4️⃣ Concentrate on the things you CAN change. In situations where not everything is in our hands, we may become anxious or feel helpless. It is important to recognize and pay attention to what we actually can do and can control. For example, it is up to us how we keep ourselves safe, maintain relationships, etc.
5️⃣ Limit the amount of information about the spread of the virus and level of danger. Use only reliable information sources. Pick several times per day when you do listen to the news - enough to maintain overall level of knowledge. This will help with sense of being informed, safe and it will help to maintain hope.
6️⃣ Use available emotional support lines in your area, please search for them now and keep the results handy (in Lithuania, voice call to 1809, apps - Mindletic, Pagalba sau, Ramu).
7️⃣ Contact professional counselors or psychologists if you do not feel well for prolonged time (week or more). Professional will help you to understand your own emotional state better and will recommend further course of actions. The sooner you identify the problems, the sooner you will be able to get back to the good emotional state.
8️⃣ If you have thoughts about suicide, do not delay and speak to a professional counselor or psychologist. It will help you to understand your state better, see more alternatives for resolution and manage anxiety.
(Source in Lithuanian: https://www.fsf.vu.lt/naujienos/fakulteto-ivykiai/3965-psichologu-patarimai-kaip-pagerinti-psichologine-savijauta)
Article. Why do couples break up? No, not because they are not satisfied.
If you both are satisfied, your relationship goes on (happily ever after), and if you both, or one of you is not satisfied, then your relationship breaks up, right? No, not so fast. Researchers claim that satisfaction is a consequence, not the reason for relationship split. The reason is perceived relationship risk and perceived relationship reward.
When entering relationship we must accept the risk of being rejected, not listened to, not being understood, of being hurt or belittled. Of course we hope it will not happen, but we cannot guarantee it. We constantly choose between personal needs and needs to grow and develop relationship. We are forced to admit that strong relationship can be created only through making yourself vulnerable to your partner, and we need to open up all of our own armor towards the loved one. If this trust fails, we start closing up again, and relationship starts growing cold. I need to stress here, that it is all about perceived risk and perceived reward. This area is not safe from perception errors.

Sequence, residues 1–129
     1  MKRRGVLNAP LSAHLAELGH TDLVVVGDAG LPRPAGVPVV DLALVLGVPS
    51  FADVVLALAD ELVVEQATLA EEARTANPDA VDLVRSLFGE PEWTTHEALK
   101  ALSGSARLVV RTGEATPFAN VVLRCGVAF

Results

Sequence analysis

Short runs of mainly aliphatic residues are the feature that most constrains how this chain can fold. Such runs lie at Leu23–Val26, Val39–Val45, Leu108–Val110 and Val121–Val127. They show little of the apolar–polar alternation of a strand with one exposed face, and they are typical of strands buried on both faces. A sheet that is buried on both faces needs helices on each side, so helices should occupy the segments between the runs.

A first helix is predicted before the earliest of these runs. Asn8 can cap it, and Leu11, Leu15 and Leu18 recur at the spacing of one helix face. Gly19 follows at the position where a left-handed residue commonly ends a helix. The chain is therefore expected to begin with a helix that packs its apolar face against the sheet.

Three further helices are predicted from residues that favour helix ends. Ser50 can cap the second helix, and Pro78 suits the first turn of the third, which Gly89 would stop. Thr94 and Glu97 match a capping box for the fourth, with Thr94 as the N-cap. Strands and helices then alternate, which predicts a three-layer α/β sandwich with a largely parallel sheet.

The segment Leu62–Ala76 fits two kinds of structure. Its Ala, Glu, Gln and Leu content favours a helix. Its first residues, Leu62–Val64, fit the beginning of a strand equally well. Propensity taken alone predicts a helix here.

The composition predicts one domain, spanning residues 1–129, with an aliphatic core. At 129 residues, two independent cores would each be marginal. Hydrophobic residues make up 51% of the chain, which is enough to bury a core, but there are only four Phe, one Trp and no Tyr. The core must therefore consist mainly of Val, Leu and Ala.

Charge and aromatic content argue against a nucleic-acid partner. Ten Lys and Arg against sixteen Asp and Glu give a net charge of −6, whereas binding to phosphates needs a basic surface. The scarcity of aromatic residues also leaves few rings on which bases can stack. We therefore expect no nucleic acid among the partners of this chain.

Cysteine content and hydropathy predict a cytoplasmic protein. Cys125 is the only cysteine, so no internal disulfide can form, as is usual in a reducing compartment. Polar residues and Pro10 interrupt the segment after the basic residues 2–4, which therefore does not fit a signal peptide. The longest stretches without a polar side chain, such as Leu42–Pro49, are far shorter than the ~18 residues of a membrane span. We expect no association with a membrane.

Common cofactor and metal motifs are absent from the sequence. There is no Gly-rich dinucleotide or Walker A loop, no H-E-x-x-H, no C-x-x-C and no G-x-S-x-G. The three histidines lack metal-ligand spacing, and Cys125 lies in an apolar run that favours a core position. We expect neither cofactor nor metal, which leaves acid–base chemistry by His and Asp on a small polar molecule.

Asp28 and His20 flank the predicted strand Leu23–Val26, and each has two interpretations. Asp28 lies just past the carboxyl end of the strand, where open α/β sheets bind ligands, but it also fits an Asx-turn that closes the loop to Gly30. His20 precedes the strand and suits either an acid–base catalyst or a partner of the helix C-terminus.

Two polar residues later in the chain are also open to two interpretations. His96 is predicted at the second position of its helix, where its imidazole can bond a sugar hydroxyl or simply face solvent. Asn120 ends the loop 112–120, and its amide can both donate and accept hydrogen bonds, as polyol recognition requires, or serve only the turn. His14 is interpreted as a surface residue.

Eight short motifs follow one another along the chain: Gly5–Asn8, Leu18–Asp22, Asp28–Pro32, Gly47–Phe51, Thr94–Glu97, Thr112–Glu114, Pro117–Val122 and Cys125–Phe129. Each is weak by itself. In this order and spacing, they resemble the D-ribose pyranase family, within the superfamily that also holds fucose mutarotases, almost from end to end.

On the other hand, perceived threat is not the critical factor in relationship breakup - perceived reward is. Perceived reward is intimacy, love and feeling of connection. If any of these are low, relationship is likely to end (after all, people say so often - we do don have anything in common). In this picture overall satisfaction with relationship or attachment do not play a major role. People need to have a common meaningful activity to want to be together, and this meaning needs to be achievable only when those two people act together. If relationship is pleasant or "there is nothing wrong with that" - it does not have sufficient reason to exist. As it is not sufficient to say "what does she want with me, I am not doing anything wrong". The key is always what WE do together. From "we develop cancer cure together" to "we sow carrots together".
Photo: Nicole Schüler from Pixabay
What do "boundaries" mean? What does it look like when they are set and maintained? #2
▶️ it is not my job to feel, think or live for others
▶️ I have a right to feel my feelings regardless of what other people think or feel about my feelings
▶️ no one has to agree with me
▶️ no one has a right to abuse me, even if it is family, friends, coworkers or other close people
▶️ it is not OK to enmesh with my thoughts, feelings or other people; I am not the same thing as them